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EATEN PATH: Soil is in this Chilliwack family's soul

Silvio Dossi and Niklaus Forstbauer harvest carrots at the Forstbauer Natural Food Farm on Prairie Central Road. - Paul J. Henderson/TIMES
Silvio Dossi and Niklaus Forstbauer harvest carrots at the Forstbauer Natural Food Farm on Prairie Central Road.
— image credit: Paul J. Henderson/TIMES

If you’ve ever met a member of Chilliwack’s large Forstbauer family you may have noticed something that you kept to yourself.

Most of the 12 adult children who are involved with the farm, along with patriarch Hans and matriarch Mary, have the faintly, brown-tinged skin of a coal miner, a mechanic or a vegetable farmer.

That’s not dirt. That’s soil.

And it’s not enough to say that soil permeates the skin of this, the first family of Chilliwack organic vegetable growing. No, for them, soil is in their very souls.

“We take care of the soil,” Niklaus Forstbauer says in his understated way.

There is a spiritual aspect to the Forstbauers’ devotion to the soil, and how the positive microbes within the growing medium win out over the harmful ones.

“In the end, good always beats the bad,” Niklaus says.

There are something like seven million species of micro-organisms in one teaspoon of soil. And sure, the bad ones (e.g. e. coli) have names, but the good ones are too numerous to name. And that’s good news for growing.

Above ground there are also pests that some farmers fend off with chemicals. But even non-chemical, certified organic sprays are avoided by the Forstbauers.

“If we put a spray on to wipe out a certain living organism we also wipe out all the beneficial ones,” Niklaus explains. “We build our soil with compost and compost teas.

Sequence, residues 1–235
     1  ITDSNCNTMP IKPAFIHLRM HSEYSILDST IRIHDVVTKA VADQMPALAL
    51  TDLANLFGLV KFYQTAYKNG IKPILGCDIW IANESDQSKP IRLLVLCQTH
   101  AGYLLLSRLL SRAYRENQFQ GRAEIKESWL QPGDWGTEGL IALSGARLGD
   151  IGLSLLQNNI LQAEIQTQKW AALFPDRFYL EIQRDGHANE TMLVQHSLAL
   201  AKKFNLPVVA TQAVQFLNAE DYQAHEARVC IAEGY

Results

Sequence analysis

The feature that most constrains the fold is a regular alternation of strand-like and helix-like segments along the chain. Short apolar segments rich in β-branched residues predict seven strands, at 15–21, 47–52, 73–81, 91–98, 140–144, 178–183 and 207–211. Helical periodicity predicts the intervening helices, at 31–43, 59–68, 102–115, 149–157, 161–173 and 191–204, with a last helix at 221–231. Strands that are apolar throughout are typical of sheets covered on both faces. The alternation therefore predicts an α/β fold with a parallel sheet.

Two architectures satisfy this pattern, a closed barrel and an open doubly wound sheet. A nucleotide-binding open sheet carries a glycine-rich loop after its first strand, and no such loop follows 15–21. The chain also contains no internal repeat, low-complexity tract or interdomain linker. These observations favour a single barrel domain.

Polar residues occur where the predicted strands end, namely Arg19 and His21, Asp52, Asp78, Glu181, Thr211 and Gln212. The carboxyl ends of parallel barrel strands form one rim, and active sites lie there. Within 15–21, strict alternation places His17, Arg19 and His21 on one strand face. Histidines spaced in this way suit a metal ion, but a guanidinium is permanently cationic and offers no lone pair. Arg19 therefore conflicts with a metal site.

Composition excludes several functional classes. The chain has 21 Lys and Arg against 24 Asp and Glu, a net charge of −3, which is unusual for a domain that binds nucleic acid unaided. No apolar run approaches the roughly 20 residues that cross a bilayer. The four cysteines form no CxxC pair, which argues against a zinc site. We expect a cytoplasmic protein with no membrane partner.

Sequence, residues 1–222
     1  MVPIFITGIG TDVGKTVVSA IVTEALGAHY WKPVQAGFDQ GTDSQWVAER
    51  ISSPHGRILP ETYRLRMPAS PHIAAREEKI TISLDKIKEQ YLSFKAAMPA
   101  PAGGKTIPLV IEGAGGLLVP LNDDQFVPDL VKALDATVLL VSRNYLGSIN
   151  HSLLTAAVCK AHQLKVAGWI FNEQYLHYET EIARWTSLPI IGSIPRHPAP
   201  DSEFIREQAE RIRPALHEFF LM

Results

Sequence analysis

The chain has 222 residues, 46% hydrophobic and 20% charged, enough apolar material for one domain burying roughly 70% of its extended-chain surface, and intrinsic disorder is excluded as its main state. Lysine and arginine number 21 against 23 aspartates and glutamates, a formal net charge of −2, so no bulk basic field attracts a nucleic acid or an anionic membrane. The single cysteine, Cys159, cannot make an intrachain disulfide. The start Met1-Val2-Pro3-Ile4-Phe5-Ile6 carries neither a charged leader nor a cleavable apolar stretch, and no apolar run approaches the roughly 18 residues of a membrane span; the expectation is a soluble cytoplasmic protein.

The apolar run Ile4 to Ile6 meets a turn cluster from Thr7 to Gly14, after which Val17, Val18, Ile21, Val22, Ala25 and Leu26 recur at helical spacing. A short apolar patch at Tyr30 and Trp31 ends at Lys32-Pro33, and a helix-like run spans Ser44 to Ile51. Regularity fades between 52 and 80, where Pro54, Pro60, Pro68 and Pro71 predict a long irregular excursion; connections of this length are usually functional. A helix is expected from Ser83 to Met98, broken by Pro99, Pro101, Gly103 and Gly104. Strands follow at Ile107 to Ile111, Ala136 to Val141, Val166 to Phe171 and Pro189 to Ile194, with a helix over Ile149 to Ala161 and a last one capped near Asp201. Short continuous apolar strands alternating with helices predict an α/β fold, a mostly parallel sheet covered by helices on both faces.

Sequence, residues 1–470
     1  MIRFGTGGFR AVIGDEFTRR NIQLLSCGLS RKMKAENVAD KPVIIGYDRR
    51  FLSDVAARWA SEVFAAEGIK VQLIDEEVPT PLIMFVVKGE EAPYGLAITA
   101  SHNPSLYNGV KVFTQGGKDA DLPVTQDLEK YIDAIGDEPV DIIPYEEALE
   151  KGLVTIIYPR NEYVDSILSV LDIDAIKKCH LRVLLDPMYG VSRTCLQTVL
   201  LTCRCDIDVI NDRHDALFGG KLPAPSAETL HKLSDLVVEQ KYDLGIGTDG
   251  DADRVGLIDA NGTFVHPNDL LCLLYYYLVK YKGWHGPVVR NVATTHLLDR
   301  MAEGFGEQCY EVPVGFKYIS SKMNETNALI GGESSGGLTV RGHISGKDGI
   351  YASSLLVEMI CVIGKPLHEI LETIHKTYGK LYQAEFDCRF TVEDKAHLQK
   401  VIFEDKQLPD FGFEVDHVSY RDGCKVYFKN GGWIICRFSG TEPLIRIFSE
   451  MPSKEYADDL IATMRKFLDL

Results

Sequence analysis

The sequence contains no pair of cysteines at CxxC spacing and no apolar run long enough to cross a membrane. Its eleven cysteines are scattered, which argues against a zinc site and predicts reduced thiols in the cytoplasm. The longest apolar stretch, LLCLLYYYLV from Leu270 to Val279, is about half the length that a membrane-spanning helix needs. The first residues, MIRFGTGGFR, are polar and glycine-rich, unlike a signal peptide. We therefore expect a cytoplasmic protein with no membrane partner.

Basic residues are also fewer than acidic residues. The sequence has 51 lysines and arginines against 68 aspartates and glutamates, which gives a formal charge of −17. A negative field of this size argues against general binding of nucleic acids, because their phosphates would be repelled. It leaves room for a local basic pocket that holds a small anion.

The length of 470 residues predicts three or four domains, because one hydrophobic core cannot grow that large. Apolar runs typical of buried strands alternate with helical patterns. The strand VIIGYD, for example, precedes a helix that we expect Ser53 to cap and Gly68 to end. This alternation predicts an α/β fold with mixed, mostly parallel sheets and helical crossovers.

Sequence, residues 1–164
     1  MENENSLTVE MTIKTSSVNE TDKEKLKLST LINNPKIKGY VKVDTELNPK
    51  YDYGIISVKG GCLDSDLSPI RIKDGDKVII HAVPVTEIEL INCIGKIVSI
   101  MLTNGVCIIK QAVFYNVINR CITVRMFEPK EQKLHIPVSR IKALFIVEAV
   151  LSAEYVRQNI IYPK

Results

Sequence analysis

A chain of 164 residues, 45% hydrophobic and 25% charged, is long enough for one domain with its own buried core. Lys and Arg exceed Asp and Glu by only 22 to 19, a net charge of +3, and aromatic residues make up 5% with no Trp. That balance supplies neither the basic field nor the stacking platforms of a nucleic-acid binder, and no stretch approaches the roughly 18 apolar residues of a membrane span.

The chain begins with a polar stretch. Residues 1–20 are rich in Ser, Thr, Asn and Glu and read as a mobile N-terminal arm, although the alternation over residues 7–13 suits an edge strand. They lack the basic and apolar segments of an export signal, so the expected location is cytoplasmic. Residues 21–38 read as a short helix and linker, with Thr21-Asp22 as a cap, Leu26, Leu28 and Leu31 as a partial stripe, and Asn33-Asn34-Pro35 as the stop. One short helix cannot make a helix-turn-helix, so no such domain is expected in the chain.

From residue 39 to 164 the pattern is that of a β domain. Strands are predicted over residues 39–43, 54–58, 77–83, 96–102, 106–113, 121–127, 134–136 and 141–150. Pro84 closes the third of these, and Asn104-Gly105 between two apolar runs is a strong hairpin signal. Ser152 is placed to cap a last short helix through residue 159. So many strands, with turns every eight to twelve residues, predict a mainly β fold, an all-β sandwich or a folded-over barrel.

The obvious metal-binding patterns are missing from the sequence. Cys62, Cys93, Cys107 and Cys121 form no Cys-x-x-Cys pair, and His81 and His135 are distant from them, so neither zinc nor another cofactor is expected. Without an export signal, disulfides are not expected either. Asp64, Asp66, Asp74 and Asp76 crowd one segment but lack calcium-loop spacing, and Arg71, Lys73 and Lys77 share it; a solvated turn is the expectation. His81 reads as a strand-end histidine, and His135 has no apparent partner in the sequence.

“There is no silver bullet [to dealing with pests]. The silver bullet is a healthy farm.”

Forstbauer Family Natural Food Farm consists of 20 acres on Prairie Central Road and 70 acres on Gibson Road. It was established by Hans and Mary at their current location in 1988, but they had been farming this way since 1976. The Forstbauers were organic before there was an organic movement.

Touring the Prairie Central Road farm with brothers Niklaus and Travis, looking into hoop frames at strawberries and zucchinis, we see Hans come towards us. Hans has a white shock of hair balanced by an equally large white beard and a jovial smile for visitors. He doesn’t slow down as he walks by, says hello, commenting only on this reporter’s “sun kisses” (freckles) before carrying on his busy way.

Hans’ father was an agriculture professor in Germany and was always a follower of biodynamic agriculture, that slightly eccentric and holistic farming technique developed by Rudolf Steiner.

Biodynamic agriculture practitioners treat the entire farm as one, breathing, living organism that should be mostly self-sustaining.

No one part is separate from any other and, just as its best to avoid the ingestion of toxic substances into the human body, so too do the Forstbauers not only eschew pesticides and herbicides, they don’t even use organic top dressings or other inputs of any kind.

This is certified organic agriculture taken to the next level.

This is about taking care of the soil.

There are aspects of biodynamic agriculture that go beyond even certified organic farming, such as using an astrological sowing and planting calendar, and burying ground quartz stuffed into the horn of a cow to help the “cosmic forces” in the soil.

Surrounded as they are on four sides by Dutch dairy farmers in East Chilliwack, the Forstbauers are an island of pure, hands-on vegetable growing amid a sea of industrial agri-business.

Walking the property with Niklaus and Travis, I point to corn in the distance and ask to confirm if that’s the back of their 20-acre property.

“Yes, that’s that dairy farmer’s Monsanto corn,” Niklaus says.

“Well, it’s not exactly his,” jokes Travis, alluding to the fact that farmers who purchase the patented seed from Monsanto are subject to lawsuits if they try to save seed.

The Forstbauers certainly have their way of doing things, but they aren’t judgmental, at least not openly.

“They are doing what they are told is the best thing to do,” Niklaus says of their neighbours.

For all the vegetables they produce, Forstbauer vegetables are mostly only available at farmers markets around the Lower Mainland. They attend, among others, the Oak Street Farmers Market in Vancouver, the Royal City Farmers Market in New Westminster, the Burnaby Artisan Farmers Market and, yes, the Downtown Chilliwack Farmers Market Saturdays at 9 a.m.

Check out the Forstbauer Family Natural Food Farm on Facebook where they post farmers markets they are attending and things like opportunities for u-pick blueberries.

 

• And visit www.forstbauer.com for more info on the farm.

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